(Why All This Talk About Brushing and Cleaning?)
You may have noted a increased emphasis on dental health for your animal companions in recent years. The importance of clean and healthy mouths is continually brought home to us, especially as our animal friends age, since dental health affects far more than just the teeth and gums.
Gingivitis and periodontal disease may spread to the urinary tract, heart valves, and other systems of the body. Inflammation of the gums and bone around the teeth can result in an elevation in inflammatory proteins and cells in the bloodstream, chronic stimulation of the immune system, and a decreased willingness to eat hard food. It may also cause bone loss, leading to the loosening and eventual complete loss of teeth.
Finally, oral pain or discomfort may decrease the quality of your pet’s life, affecting his/her willingness to groom and play. In fact, your pet’s dental health may even affect the quality of your life: those kisses smell pretty nasty when your pet has a simmering inflammation!
It’s essential to condition puppies and kittens to be comfortable with the handling of their lips and mouths at an early age. We encourage clients to brush their pets’ teeth and gums often, daily if possible. Brushes for both dogs and cats are available, in addition to a variety or toothpastes and mouth rinses/sprays. Some dogs find a piece of gauze or a small cloth— wrapped around the owner’s index finger — more palatable (so to speak!) than a brush; likewise, some cats prefer a Q-Tip.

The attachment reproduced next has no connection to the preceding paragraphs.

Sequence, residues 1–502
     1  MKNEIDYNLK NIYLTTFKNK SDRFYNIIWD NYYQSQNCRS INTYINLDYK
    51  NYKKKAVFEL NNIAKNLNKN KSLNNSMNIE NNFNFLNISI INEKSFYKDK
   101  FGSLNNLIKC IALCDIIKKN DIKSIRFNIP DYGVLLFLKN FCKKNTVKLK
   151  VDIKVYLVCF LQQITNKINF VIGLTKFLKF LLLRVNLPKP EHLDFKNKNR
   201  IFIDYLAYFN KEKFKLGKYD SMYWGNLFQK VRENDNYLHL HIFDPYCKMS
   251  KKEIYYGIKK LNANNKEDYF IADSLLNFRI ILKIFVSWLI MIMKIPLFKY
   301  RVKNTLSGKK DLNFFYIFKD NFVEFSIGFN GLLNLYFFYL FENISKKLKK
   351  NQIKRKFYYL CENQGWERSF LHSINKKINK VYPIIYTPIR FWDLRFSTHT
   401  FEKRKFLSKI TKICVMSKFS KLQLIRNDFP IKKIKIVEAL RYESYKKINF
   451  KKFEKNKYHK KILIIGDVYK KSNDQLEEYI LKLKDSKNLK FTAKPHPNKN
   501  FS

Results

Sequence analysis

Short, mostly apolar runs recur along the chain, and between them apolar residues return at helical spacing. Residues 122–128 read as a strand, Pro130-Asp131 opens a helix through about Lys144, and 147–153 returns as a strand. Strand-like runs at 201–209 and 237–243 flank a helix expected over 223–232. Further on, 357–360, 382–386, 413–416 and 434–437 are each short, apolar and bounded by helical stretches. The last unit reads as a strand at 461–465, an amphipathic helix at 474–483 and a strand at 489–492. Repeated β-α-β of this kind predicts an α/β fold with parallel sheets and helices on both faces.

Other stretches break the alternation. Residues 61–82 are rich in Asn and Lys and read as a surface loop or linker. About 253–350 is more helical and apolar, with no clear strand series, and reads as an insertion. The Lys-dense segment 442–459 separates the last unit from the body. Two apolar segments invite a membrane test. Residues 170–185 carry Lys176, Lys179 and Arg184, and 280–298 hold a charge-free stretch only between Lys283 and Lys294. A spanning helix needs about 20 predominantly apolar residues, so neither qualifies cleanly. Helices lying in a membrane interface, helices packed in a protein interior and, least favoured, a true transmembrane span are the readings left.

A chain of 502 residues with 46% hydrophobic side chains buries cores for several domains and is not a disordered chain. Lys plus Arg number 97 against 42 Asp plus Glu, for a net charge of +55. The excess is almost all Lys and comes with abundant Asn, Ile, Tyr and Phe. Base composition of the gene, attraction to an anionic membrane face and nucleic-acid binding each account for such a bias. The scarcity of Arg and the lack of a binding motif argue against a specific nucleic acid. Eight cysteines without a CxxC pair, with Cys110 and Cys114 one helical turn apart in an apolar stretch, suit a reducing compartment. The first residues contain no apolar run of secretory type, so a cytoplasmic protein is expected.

For those of you who hardly have time to brush your own teeth, let alone your pet’s — or who want a supplement to brushing — consider the use of a special diet. For example, Science Diet T/D is a food that has been formulated into large kibbles for cats and dogs; the large size of the kibbles requires that pets use their molars in order to swallow. Since the T/D is rather high in calories, it is best used as a daily snack, rather than as a maintenance diet.
When tartar builds up and gingivitis is a risk, a thorough dental cleaning is recommended. The procedure consists of removal of tartar both above and below the gum line, evaluation of each tooth’s root, polishing, and the application of a fluoride foam to all the teeth.
If a fractured or infected tooth is discovered, removal may be necessary. While recent advances in endodontics mean that more marginal teeth may be saved, extraction often offers rapid relief to a pet with oral pain. In these cases, our patients are often given an antibiotic injection during the cleaning to prevent a “shower” of bacteria through the bloodstream. Sometimes it is also necessary to send antibiotics home with the pet as well.
Maintaining the dental health of your pet is a critical factor in helping him/her live a long and happy life. A small commitment on your part can make a big difference!
– Dr. Barbara McGuire